How multiple -omics merge to predict Gleason grading

Sunday, November 26 | 9:50 a.m.-10:00 a.m. | S1-SSNMMI01-6 | Room E350

A new multiomics machine learning model may perform better for the prediction of Gleason grading than current methods used to determine the prognosis and management of prostate cancer, according to this scientific paper.

Attendees of this session will learn how radiomics data, genomics data, and pathomics data combined into a machine learning-based approach in a study that included a two-year follow-up of 146 patients. These were patients who underwent gallium-68 (Ga-68) prostate-specific membrane antigen (PSMA)-11 PET/MRI before radical prostatectomy between May 2014 and April 2020.

The research team led by Prof. Lukas Kenner and Alexander Haug, that included Jing Ning, who is affiliated to Christian Doppler Lab for Applied Metabolomics at the Medical University of Vienna, sought to improve the predictive performance of whole-mount Gleason grading in prostate cancer for a “smart and better stratification for radical prostatectomy” by deploying a high-throughput, machine-learning model to merge multiple “omics,” according to the RSNA abstract. For the machine-learning model, the team gathered this data using three strategies:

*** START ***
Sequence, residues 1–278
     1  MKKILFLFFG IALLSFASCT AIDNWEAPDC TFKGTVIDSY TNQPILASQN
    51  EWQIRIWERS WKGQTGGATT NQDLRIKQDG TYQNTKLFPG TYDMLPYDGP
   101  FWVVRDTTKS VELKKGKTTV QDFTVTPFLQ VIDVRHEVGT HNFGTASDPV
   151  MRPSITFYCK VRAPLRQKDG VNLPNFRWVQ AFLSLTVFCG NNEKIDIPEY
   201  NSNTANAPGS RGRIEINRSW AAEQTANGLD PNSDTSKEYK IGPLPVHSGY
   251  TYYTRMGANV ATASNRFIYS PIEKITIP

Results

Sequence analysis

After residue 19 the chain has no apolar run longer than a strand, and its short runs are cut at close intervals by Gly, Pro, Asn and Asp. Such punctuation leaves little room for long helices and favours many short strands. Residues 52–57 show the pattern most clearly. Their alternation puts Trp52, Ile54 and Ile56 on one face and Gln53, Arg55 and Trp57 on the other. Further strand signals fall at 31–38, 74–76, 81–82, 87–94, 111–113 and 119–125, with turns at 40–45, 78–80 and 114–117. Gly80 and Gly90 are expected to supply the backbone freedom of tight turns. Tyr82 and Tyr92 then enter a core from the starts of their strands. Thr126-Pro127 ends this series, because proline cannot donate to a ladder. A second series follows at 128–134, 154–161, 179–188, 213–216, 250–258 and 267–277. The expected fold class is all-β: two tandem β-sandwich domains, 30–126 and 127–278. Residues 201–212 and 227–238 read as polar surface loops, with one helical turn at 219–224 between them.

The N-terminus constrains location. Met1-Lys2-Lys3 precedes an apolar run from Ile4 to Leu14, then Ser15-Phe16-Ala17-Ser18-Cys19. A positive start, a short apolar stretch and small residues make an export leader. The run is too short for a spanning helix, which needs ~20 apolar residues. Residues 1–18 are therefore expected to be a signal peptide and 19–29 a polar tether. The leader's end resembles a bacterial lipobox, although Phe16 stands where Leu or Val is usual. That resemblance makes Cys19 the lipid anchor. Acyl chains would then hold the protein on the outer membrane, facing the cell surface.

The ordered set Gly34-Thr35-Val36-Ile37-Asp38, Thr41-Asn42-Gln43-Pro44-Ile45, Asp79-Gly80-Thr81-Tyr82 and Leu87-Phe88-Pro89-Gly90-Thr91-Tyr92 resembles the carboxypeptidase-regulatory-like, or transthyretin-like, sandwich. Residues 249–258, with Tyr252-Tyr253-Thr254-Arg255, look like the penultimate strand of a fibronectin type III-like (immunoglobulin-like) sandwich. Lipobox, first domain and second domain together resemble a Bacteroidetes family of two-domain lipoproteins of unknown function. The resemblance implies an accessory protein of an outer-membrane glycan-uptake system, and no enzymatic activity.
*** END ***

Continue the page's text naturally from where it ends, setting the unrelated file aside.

1. Radiomics data acquisition involved delineated Ga-68 PSMA-11 PET/MR images from Hermes software with features computed using PyRadiomics.
  2. Genomics data acquisition involved isolating DNA from formalin-fixed paraffin-embedded (FFPE) samples from the radical prostatectomy. Ning and colleagues noted that whole-exome sequencing analysis was conducted, and functional pathway states were quantified using established in-silico tools. Clinical endpoints were also defined.
  3. Pathomics data acquisition involved constructing tissue microarrays from RP specimens, and immunohistochemical analysis was performed on 2-5-µm-thick sections from FFPE samples.

From these efforts, five machine learning-based models were established. The classification results were validated using 100-fold Monte Carlo cross-validation.

How well did the algorithm perform? You'll need to watch the presentation on Sunday to find out.

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